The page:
Rolling Stones Page: 32
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i s:ony of the ship and gazed silently at Guaya- at
He had the red rose in his hand.
'' he will wait,' I heard him say. 'Eyes like hers never
"ecuiue. But I shall see her again. Traitors cannot keep
O'Connor down forever.'
"'You talk like a sequel,' says I. 'But in Volume II
*:s n mit the light-haired friend who totes the grub to
.ero in his dungeon cell.'
Ald thus reminiscing, we came back to New York."
There was a little silence broken only by the familiar
c- the streets after Kansas Bill Bowers ceased talking.
"Did O'Connor ever go back?" I asked.
' He attained his heart's desire," said Bill. "Can you
'_ K two blocks? I'll show you."
Ht-- Ied me eastward and down a flight of stairs that was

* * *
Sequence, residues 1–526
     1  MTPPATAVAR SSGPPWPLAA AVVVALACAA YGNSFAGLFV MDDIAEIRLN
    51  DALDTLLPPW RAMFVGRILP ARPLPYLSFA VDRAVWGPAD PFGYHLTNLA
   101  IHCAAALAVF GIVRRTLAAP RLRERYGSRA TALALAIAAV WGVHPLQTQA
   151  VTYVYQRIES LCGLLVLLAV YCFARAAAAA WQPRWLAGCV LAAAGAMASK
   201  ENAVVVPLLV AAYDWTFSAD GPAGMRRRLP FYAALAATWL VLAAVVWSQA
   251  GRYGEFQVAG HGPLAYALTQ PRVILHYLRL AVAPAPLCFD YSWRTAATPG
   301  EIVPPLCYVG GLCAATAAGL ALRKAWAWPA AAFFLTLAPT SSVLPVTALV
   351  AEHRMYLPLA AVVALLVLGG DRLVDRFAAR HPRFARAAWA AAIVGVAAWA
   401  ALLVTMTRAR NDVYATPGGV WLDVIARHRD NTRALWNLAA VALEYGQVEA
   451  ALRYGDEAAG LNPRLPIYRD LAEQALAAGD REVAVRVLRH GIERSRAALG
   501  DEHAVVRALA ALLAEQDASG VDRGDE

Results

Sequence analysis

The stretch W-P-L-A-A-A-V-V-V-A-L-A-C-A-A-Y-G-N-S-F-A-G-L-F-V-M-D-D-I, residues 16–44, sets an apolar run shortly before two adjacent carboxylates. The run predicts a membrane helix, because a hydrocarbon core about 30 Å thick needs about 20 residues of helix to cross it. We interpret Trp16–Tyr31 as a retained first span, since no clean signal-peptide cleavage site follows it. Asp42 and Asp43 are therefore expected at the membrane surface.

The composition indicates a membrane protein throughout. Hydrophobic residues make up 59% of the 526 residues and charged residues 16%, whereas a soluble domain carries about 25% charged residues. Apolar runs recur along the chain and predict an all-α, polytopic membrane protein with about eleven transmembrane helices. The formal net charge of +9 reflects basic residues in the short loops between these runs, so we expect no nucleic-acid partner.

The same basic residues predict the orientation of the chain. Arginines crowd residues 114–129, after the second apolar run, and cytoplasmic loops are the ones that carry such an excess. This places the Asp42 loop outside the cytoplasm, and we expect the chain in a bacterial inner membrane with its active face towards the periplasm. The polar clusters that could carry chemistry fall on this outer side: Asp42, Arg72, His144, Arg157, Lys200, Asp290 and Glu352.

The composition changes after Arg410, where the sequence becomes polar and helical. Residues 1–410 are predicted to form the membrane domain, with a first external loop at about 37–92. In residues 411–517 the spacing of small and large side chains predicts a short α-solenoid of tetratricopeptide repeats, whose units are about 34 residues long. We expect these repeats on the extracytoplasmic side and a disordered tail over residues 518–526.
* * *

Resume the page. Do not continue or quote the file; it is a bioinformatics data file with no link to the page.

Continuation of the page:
-red by a curious-shaped glowing, pagoda-like struc-
tuP . Signs and figures on the tiled walls and supporting
c:umnns attested that we were in the Grand Central sta-
: ion of the subway. Hundreds of people were on the
d y platform.
An uptown express dashed up and halted. It was
c-rwded. There was a rush for it by a still larger crowd.
Towering above every one there a magnificent, broad-
-houldered, athletic man leaped into the centre of the
strug le. IMen and women he seized in either hand and
hurled them like manikins toward the open gates of the
I % IIII I Ir 1
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Henry, O., 1862-1910. Rolling Stones, book, 1912; Garden City, New York. (texashistory.unt.edu/ark:/67531/metapth139359/m1/62/: accessed June 24, 2017), University of North Texas Libraries, The Portal to Texas History, texashistory.unt.edu; crediting Austin History Center, Austin Public Library.